A leading source for news and analysis about Mexico and the U.S.-Mexican border.
By David Gaddis Smith, MexicoPerspective.com
President Barack Obama, defying the expectations of many, easily won re-election in the electoral college Tuesday, rolling up more than 300 votes. Some of those electoral votes were attributed to the strength of the Latino vote in states such as New Mexico, Nevada and Colorado. Non-Cuban Hispanics also put Obama in a good position to win Florida. Latino votes broke 3-to-1 for Obama.
In Mexico, those opposed to the Institutional Revolutionary Party's Enrique Peña Nieto complained that polls were biased toward him. In the end, although the polls correctly pointed to his July win, they vastly overstated Peña Nieto's margin of victory.
In the United States, many opposed to Obama complained that polls were biased toward him. Republicans chose to believe Republican-leaning pollster Rasmussen Reports and other pro-GOP surveying firms that indicated that Mitt Romney could win in Minnesota, Colorado, Ohio, Wisconsin and Iowa. Those outlier polls wound up off the mark. Rasmussen's tie in Ohio wound up being a 2-point advantage for Obama; Rasmussen's even in Wisconsin wound up being a 5-point advantage for Obama; Obama's late 2-point Rasmussen lead in New Hampshire wound up being 5 points; Rasmussen's 3-point lead for Romney in Colorado wound up being a 3-point advantage for Obama; Rasmussen's 2-point lead for Romney in Virginia wound up being a 3-point advantage for Obama.
It all goes to show that Rasmussen and some other U.S. pollsters such as Gallup need to go back to the drawing board, just as many Mexican pollsters do. And it reflects badly on wishful-thinking Republican thinkers like George Will and Peggy Noonan, who put their faith on outliers in polls to come up with their rosy predictions for a big Romney victory.
One Republican who came out looking good was Matthew Dowd, who served as an analyst for ABC News. He correctly predicted an Obama popular and electoral vote victory and said Republicans have to realize that the electoral map has changed. He noted that George W. Bush would likely have lost this election because of the increase in the Latino and other minority vote. Republicans cannot afford to continue to just rely on the white vote, he said.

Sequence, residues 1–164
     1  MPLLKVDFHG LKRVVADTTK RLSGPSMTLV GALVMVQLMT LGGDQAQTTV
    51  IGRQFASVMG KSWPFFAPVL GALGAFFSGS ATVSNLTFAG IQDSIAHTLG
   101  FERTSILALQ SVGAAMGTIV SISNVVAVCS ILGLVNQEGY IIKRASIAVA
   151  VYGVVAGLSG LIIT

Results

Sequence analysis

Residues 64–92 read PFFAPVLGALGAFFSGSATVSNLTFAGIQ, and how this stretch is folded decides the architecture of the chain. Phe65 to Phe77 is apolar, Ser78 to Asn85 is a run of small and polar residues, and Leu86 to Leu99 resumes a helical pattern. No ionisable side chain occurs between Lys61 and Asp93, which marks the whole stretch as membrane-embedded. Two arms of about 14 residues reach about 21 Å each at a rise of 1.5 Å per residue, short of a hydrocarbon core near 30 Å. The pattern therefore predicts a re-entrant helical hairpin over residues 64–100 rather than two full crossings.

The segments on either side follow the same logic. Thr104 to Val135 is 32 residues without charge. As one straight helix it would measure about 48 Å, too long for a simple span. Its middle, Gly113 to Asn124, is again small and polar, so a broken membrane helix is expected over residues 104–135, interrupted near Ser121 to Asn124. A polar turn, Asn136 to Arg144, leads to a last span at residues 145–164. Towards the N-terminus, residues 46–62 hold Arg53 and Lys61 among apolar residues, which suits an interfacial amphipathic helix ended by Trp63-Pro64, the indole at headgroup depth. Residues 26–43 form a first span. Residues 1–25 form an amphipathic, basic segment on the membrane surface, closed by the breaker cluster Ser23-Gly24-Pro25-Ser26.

Also looking good was New York Times poll guru Nate Silver of FiveThirtyEight.com, who had said the polls clearly pointed to an Obama victory. Silver also appeared on "The Colbert Report" on Monday night and said his analysis was not rocket science, but just a dispassionate look at polling data. When 22 out of 23 polls favor Obama, he pointed out, it certainly would appear that an Obama victory was imminent.
Meanwhile on Telemundo, former Mexican Foreign Minister Jorge Castañeda said he thought Obama should take immediate action to deal with immigration issues and should put a brake on deportations and do what he can to provide a path for Mexican and other migrants to be able to stay in the United States.
Telemundo anchorman José Díaz-Balart indicated that Obama owed it to the Latino community to get comprehensive immigration reform passed, as he might owe his re-election to the Hispanic vote.